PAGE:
13. The Doctor opened it, and there she stood, a rather pale and large-eyed little thing, quaint in her aspect, as might well be the case with a motherless child, dwelling in an uncheerful house, with no other playmates than a decrepit old man and a kitten, and no better atmosphere within-doors than the odor of decayed apothecary's-stuff, nor gayer neighborhood than that of the adjacent burial-ground, where all her relatives, from her great-grandmother downward, lay calling to her, “Pansie, Pansie, it is bedtime !” even in the prime of the summer morning. For those dead women-folk, especially her mother and the whole row of maiden aunts and grand-aunts, could not but be anxious about the child, knowing that little Pansie would be far safer under a tuft of dandelions than if left alone, as she soon must be, in this difficult and deceitful world.

14. Yet, in spite of the lack of damask roses in her cheeks, she seemed a healthy child, and certainly showed great capacity of energetic movement in the impulsive capers with which she welcomed her venerable progenitor. She shouted out her satisfaction, moreover, (as

her custom was, having never had any over-sensitive auditors about her to tame down her voice,) till eveni the Doctor's dull ears were full of the clamor.

15. “Pansie, darling,” said Dr. Dolliver, cheerily, patting her brown hair with his tremulous fingers, " thou hast put some of thine own friskiness into poor old grandfather, this fine morning! Dost know, child, that he came near breaking his neck down-stairs at the sound of thy voice? What wouldst thou have done then, little Pansie ?” “Kiss poor grandpapa and make him well!” answered the child, remembering the Doctor's own mode of cure in similar mishaps to herself. “ It shall do poor grandpapa good !” she added, putting up her mouth to apply the remedy.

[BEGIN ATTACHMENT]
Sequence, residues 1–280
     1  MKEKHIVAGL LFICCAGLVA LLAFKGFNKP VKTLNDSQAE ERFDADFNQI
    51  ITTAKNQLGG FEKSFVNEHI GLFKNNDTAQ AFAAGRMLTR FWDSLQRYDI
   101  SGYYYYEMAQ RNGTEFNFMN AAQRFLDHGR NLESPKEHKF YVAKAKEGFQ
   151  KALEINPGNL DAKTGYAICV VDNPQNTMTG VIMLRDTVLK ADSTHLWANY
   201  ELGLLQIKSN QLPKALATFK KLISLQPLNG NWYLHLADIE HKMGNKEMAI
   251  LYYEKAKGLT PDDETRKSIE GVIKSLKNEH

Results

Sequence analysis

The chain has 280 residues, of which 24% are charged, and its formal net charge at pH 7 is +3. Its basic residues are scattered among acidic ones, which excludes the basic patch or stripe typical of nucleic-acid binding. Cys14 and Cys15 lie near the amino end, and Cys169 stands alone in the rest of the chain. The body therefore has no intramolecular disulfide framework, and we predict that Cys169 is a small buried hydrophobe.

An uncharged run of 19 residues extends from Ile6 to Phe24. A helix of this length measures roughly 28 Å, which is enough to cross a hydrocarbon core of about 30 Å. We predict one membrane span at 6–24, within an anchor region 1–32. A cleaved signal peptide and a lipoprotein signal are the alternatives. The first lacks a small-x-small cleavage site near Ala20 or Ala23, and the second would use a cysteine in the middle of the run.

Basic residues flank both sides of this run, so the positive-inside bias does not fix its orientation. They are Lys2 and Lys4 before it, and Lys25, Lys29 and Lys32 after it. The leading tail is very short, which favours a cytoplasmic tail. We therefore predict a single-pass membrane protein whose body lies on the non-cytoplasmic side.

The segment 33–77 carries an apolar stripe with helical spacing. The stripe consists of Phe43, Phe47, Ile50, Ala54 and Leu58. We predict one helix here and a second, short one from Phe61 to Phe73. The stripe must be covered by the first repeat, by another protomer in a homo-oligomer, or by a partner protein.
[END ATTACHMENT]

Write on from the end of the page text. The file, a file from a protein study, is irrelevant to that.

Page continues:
16. " Ah, little one, thou hast greater faith in thy medicines than ever I had in my drugs," replied the patriarch with a giggle, surprised and delighted at his own readiness of response. “But the kiss is good for my feeble old heart, Pansie, though it might do little to mend a broken neck; so give grandpapa another dose, and let us to breakfast.”